Lily Toxicity and Your Cat

Did you know that lilies are highly toxic to our feline friends? Don’t let your cat fall victim. Learn more below from a vet in Marietta, GA.

Are All Lilies Poisonous?

Not every type of lily is poisonous, but there enough dangerous varieties that you shouldn’t risk having lilies in your home or garden. Easter lilies, daylilies, Asiatic lilies, and tiger lilies are some of the most common toxic offenders.

What are the Symptoms of Lily Poisoning?

The initial symptoms of lily poisoning may include mouth irritation, excess drooling, and restlessness. Vomiting will ensue without treatment, possibly leading to serious dehydration and other related problems.

 

If you know or suspect that your cat has ingested part of a lily flower, take them to your veterinarian’s office right away. Treatment may involve induced vomiting or a stomach flush, as well as fluid replacement therapy and other supportive measures as your cat recovers.

Can I Prevent the Problem?

Yes, preventing lily poisoning is as easy as restricting your cat’s access to the flowers at all times. Don’t plant them in your garden or allow them in bouquets or floral arrangements.

Want more information on lily poisoning? Call your veterinarian Marietta, GA.

Selecting a Leash for Your Dog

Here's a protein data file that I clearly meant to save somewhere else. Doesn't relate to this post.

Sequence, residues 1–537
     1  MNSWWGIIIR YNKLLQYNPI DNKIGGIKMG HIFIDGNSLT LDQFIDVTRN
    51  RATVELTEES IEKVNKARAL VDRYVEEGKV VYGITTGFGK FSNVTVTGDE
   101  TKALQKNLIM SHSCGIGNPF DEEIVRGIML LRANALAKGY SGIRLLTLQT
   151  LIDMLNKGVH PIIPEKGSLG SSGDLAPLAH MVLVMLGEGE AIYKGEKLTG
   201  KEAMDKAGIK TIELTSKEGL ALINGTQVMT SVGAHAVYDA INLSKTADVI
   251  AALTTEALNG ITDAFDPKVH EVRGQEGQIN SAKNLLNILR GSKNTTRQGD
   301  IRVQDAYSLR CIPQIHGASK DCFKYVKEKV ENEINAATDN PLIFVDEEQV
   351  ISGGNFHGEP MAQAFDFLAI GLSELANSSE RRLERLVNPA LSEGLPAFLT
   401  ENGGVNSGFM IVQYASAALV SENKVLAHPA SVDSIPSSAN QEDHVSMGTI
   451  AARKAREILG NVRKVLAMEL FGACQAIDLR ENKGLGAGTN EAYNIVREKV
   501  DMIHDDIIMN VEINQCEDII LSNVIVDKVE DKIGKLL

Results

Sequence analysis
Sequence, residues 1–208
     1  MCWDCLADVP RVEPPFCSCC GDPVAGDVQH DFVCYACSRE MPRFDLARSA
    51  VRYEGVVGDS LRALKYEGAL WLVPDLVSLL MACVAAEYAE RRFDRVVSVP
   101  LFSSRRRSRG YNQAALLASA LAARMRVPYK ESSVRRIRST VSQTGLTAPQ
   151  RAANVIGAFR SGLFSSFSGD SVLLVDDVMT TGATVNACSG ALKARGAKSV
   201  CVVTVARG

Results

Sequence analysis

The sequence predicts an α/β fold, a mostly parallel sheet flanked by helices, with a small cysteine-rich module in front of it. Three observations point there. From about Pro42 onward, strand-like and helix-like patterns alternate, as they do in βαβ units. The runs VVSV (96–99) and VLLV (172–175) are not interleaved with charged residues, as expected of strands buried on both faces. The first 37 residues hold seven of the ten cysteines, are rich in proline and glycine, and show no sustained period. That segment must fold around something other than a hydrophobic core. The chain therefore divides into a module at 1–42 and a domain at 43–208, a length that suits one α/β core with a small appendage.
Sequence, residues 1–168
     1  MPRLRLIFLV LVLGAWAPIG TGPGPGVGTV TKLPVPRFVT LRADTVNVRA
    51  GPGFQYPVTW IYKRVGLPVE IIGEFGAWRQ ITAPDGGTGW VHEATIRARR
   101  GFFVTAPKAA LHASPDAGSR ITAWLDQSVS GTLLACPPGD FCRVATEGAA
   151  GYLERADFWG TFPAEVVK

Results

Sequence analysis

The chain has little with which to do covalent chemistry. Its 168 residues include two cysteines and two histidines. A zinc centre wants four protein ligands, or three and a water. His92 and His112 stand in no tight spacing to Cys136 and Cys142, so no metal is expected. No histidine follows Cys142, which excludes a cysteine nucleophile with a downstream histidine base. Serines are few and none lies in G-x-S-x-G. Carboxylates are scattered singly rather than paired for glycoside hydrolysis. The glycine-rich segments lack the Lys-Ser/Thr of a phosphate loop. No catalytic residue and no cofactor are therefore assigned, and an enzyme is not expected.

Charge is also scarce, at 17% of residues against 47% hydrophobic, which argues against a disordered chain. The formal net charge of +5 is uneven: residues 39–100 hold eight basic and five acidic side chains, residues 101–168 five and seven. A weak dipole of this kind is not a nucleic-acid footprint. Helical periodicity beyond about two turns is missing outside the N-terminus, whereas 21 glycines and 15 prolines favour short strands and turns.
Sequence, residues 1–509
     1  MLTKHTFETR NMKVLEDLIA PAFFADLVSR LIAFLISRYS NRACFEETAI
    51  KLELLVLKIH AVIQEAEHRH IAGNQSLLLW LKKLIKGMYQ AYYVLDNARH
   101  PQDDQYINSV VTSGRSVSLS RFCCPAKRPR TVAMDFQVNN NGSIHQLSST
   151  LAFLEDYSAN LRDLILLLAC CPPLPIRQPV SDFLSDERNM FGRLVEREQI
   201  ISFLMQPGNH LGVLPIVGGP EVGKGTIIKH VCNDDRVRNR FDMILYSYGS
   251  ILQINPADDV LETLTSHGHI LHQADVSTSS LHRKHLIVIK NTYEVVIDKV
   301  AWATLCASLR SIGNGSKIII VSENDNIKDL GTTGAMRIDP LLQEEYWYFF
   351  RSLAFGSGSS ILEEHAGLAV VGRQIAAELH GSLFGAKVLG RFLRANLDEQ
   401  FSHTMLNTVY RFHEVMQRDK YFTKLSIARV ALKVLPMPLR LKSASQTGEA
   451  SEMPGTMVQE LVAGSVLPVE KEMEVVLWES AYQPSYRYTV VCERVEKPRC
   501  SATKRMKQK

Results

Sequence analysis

Have you recently adopted a dog? A leash is one essential that you can’t go without! The question is, how do you know what kind of leash to purchase? Your vet Marietta, GA elaborates below:

The Standard Leash

The vast majority of dogs will do just fine with a standard leash. These are typically about six feet long and are most often made of nylon. They may also be made of leather or another material. The standard leash has a loop at one end and a clasping mechanism at the other, which attaches to your dog’s collar.

Retractable Leashes

Retractable leashes have a spring mechanism that allows your dog to roam away from you until the leash runs out. They’re a great way to give your dog a little freedom on the leash, but use caution: it’s easy for dogs to dart away before you can gain control of them.

Training Leashes

Training leashes may be made of special materials or might be extra long or short. Unless directed to use one by a veterinary professional or animal trainer, it’s not necessary to select one for your canine companion.

For more information on dog leashes, contact your veterinarians Marietta, GA.

Safety Tips for Your New Puppy

Are you going to be introducing a puppy to your household in the near future? As you’re probably aware, puppies can get themselves into a lot of mischief! Below, your Marietta, GA veterinarian gives you a few safety guidelines.

Block Off Rooms

Use dog gates or even baby gates to block off certain rooms in your home, keeping your pup contained to the main living area for now. Not only will this make it easier to keep your puppy safe, it will be less overwhelming for Fido as he adjusts to a new home.

Hazard Watch

Remove toxic plants, human foods, cleaning supplies, small objects that could be swallowed or choked on, sharp objects or edges, and other hazard from your puppy’s area. Keep a close eye on your new addition at all times to make sure he doesn’t encounter anything he shouldn’t.

Veterinary Check-Up

Don’t forget about your canine companion’s first veterinary check-up. It’s important that your veterinarian gives your pup a clean bill of health—make an appointment today if your puppy needs an examination by the professionals.

Do you have further questions about puppy healthcare and safety? We’re here to help! Call your Veterinarian Marietta, GA.